Microsoft recently introduced new ASP.NET Identity - replacement for old (Simple)Membership. Unfortunately, I can't use this new membership system in my old project because it throws System.InvalidOperationException: No owin.Environment item was found in the context. This is a known bug, but Microsoft keeps silence about this issue. The easiest way to reproduce this bug - it's to create a new web application (MVC, WebForms or WebApi - doesn't matter) in VS 2013 (with Web Tools 2013 Preview Refresh) and then go to the login page. It will work. Then change namespace in your application to anything else than original namespace and login page will throw that error. Changing namespace back to original (the one you used at the creation of a project) will solve this problem.

It looks like .net stores somewhere something related to the original namespace, but I can't find what and where, it's not in the project folder. I know that stackoverflow is not a place for a bug reports, I just hoping that someone already found a solution for this issue or maybe people involved in the development of ASP.NET Identity will see this.

12 Answers 12


Most likely it cannot find the OWIN Startup class. The default convention for the Startup class is [AssemblyName].Startup. If you're no longer following that convention you'll need to specify the full name of your Startup class in the Web.Config.

The next release of Microsoft.Owin.Host.SystemWeb package now throws detailed exception messages when the Startup class cannot be found.

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    Adding <appSettings><add key="owin:AppStartup" value="[Namespace].Startup, [AssemblyName]" /></appSettings> into the web.config fixed this issue. Thank you! – graycrow Aug 19 '13 at 8:44

I created two new projects called TesteMvc5.2 and TesteMvc5.0 and both of them didn't work at start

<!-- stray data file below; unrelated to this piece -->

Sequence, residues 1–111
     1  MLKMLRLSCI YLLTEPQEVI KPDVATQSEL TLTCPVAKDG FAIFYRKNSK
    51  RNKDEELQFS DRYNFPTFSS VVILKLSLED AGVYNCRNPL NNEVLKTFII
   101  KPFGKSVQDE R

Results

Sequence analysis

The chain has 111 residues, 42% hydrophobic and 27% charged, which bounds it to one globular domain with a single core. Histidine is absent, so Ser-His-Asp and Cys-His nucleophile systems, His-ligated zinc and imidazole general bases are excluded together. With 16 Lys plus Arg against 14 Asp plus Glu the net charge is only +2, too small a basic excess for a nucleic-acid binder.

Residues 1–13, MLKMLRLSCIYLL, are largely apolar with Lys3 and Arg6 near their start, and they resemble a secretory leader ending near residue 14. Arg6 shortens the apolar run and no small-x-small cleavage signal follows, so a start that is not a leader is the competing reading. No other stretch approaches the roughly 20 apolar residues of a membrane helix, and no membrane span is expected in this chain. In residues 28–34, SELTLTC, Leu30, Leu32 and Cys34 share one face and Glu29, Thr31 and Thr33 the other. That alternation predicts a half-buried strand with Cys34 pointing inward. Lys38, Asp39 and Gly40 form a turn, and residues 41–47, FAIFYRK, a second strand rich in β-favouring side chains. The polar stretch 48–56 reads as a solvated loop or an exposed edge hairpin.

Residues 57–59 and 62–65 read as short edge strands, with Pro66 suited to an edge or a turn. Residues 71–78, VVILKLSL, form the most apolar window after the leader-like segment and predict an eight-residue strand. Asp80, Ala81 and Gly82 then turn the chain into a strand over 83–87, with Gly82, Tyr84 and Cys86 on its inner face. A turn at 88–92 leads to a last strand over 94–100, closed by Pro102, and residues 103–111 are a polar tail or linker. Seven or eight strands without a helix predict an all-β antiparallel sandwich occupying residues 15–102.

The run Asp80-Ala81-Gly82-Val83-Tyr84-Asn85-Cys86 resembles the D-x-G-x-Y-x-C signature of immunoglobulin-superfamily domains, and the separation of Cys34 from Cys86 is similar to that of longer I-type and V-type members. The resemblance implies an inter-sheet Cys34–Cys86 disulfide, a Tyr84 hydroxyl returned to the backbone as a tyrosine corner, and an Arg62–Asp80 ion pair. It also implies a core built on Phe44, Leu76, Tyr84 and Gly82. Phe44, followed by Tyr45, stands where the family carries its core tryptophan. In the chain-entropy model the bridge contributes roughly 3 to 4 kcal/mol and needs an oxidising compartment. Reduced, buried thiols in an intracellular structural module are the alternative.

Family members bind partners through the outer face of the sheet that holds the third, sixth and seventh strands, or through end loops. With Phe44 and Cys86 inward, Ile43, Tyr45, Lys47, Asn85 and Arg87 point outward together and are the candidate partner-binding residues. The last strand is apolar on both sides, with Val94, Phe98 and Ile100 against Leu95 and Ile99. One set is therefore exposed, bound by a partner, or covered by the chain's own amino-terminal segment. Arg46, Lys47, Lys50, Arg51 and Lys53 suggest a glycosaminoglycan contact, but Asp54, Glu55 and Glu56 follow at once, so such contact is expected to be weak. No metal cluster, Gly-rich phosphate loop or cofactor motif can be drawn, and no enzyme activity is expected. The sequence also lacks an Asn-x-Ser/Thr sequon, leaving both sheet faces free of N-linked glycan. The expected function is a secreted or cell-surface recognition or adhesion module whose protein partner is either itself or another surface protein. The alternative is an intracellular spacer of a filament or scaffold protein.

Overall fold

this is because the default namespace is different from the assembly name. but after I put the line

<add key="owin:AppStartup" value="TesteMvc5._2.Startup, TesteMvc5.2" />

on the web.config it worked fine.


I had the same issue, it was fixed after making sure this line was in web.config:

<add key="owin:AutomaticAppStartup" value="true" />

I had the exact same error, but as it turned out I had another configuration problem in my web.config. My web.config was missing the attribute defaultLanguage="c#" in the compilation element under system.web.

In this case it will default to VB. So unless you have your Startup class written in VB you should change the default language to C#.

Not correct:

<compilation debug="true" optimizeCompilations="true" targetFramework="4.6.1">

This is correct (unless you use VB):

<compilation debug="true" defaultLanguage="c#" optimizeCompilations="true" targetFramework="4.6.1">
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    Thanks. This fixed it for me with an EPiServer Alloy project. – Ken Palmer Jan 31 '18 at 21:57
  • Tag should be close. Thanks! – Sterling Diaz Jul 12 '18 at 14:04
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    How on earth did you figure that out? – r3mark Apr 16 at 4:41

I tried everything mentioned on this page but nothing worked. Then I found out about a setting in IIS named owin:AutomaticAppStartup. You can find it in the Application Settings page of the IIS Manager for the Default Web Site. Check to see if that setting is true. If not set to true. This worked for me.